The Collected Writings Of Dr. Rod Decker -- By: Jon Pratt

Journal: Journal of Ministry and Theology
Volume: JMAT 18:2 (Fall 2014)
Article: The Collected Writings Of Dr. Rod Decker
Author: Jon Pratt

The Collected Writings Of Dr. Rod Decker

Jon Pratt

Vice President of Academics
and Professor of New Testament
Central Baptist Theological Seminary
Plymouth, Minnesota

NT/Koine Greek Grammar

Reading Koine Greek: An Introduction and Integrated Workbook. Grand Rapids: Baker Academic, 2014.

Summary: “This in-depth yet student-friendly introduction to Koine Greek provides a full grounding in Greek grammar, while starting to build skill in the use of exegetical tools. The approach . . . emphasizes reading Greek for comprehension as opposed to merely translating it. The workbook is integrated into the textbook, enabling students to encounter real examples as they learn each new concept. The book covers not only New Testament Greek but also the wider range of Bible-related Greek (LXX and other Koine texts).”1

“The Function of the Imperfect Tense in Mark’s Gospel,” The Language of the New Testament: Context, History and Development, ed. Stanley Porter and Andrew Pitts, 347–64. Studies in the Language of the New Testament, Brill Linguistic Biblical Studies. Leiden: Brill, 2013.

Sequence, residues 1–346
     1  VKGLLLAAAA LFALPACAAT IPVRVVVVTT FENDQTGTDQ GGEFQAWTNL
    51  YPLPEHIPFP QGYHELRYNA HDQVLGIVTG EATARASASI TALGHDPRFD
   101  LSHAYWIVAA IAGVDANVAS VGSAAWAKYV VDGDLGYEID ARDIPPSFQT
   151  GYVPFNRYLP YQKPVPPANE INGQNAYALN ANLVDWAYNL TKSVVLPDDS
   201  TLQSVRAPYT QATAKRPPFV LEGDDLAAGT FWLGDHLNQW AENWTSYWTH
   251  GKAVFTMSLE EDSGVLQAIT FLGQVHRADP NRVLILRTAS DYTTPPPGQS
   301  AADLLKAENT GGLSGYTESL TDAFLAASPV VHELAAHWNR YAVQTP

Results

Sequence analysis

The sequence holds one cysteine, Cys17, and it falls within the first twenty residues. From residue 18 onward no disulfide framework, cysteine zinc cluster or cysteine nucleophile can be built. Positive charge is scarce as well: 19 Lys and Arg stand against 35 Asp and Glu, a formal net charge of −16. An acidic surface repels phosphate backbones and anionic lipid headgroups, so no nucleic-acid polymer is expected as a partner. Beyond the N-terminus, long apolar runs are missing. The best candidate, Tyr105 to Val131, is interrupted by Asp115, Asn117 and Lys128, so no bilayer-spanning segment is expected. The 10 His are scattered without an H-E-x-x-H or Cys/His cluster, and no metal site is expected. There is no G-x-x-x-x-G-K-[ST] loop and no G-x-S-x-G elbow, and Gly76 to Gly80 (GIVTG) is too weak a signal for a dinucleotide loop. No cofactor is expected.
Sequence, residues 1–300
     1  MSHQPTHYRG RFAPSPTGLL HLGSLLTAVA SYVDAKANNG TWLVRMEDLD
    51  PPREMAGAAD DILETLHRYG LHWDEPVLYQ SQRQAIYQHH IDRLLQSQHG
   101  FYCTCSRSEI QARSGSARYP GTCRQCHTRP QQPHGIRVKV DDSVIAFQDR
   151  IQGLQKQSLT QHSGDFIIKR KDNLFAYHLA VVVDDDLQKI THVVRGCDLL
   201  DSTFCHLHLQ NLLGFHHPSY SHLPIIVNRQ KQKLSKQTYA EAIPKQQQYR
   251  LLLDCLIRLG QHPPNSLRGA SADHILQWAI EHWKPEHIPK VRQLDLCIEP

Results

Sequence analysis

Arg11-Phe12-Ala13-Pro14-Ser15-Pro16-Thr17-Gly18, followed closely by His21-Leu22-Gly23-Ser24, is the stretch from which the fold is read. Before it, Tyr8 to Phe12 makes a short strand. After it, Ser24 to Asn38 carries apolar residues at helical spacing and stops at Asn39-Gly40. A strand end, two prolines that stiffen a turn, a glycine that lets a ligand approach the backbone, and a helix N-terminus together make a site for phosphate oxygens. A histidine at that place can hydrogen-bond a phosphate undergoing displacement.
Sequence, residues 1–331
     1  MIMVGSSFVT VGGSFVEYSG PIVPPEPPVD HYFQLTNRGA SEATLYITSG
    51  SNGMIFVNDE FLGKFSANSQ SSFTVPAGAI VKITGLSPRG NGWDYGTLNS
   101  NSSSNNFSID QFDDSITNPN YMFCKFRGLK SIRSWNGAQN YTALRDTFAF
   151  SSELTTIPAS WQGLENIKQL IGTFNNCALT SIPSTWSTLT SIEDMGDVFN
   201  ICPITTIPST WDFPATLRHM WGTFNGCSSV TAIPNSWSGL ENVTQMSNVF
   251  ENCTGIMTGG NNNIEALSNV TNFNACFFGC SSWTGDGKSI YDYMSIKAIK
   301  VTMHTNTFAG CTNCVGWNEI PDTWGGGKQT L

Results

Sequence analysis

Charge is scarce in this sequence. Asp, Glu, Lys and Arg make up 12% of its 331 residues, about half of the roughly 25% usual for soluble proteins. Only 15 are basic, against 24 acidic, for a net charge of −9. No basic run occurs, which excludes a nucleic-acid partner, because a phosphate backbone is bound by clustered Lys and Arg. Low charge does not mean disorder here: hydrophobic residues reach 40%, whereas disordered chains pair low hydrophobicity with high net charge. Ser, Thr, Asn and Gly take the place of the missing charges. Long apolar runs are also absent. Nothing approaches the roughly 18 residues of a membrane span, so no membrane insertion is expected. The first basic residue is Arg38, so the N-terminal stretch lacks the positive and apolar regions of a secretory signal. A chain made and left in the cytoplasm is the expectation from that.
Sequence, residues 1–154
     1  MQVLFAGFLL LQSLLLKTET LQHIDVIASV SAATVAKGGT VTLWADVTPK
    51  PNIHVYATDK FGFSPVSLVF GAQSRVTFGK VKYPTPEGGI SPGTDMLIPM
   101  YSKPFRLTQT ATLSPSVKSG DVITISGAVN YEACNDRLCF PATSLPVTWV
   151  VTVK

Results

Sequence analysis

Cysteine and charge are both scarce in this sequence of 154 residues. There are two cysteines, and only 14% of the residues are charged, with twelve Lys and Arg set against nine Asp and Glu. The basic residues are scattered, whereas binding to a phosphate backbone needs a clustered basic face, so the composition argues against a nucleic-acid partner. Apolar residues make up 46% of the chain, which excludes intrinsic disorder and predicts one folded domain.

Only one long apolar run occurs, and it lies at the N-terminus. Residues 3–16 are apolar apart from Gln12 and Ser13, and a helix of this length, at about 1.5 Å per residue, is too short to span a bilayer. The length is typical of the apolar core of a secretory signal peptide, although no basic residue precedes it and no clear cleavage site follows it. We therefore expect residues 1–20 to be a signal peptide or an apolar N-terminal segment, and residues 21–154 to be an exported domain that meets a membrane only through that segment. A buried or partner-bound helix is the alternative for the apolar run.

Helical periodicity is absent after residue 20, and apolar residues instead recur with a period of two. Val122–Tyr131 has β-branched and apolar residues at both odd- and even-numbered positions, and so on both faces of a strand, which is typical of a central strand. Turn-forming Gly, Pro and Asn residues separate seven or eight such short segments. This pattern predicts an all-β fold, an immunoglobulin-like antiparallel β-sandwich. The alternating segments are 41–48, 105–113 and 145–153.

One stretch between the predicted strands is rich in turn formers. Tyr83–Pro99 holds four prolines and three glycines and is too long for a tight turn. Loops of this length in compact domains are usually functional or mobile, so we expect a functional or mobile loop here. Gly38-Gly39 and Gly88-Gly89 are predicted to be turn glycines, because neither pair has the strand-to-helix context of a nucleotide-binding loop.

Summary: The imperfect tense as used by Mark introduces indirect discourse and records offline information. This finding has implications for translation and exegesis.

“The Grammar of Christology.” Bible Faculty Summit, July 2010, Maranatha Baptist Bible College, Watertown, WI, July 2010.

Summary: It is important to distinguish between semantics and pragmatics when discussing the usage of tense, particularly when discussing the use of the imperfect tense in Mark.

“Adapting Technology to Teach Koine Greek,” Studying the Greek New Testament: Papers from the SBL Greek Language and Linguistics Section. NT Monographs 11. Edited by S. E. Porter and M. B. O’Donnell, 25–42. Sheffield: Sheffield Phoenix, 2009.

Summary: This essay seeks to “demonstrate some of the potential benefits in adapting current technology for use in teaching Greek on the one hand, and, on the other hand, to suggest a few of the pitfalls that might be encountered by those who choose to explore such means” (26).

Koine Greek Reader: Selections from the New Testament, Septuagint, and Early Christian Writers. Grand Rapids: Kregel, 2007.

Summary: “Providing graded readings in Koine Greek from the New Testament, Septuagint, Apostolic Fathers, and early creeds, this unique text integrates t...

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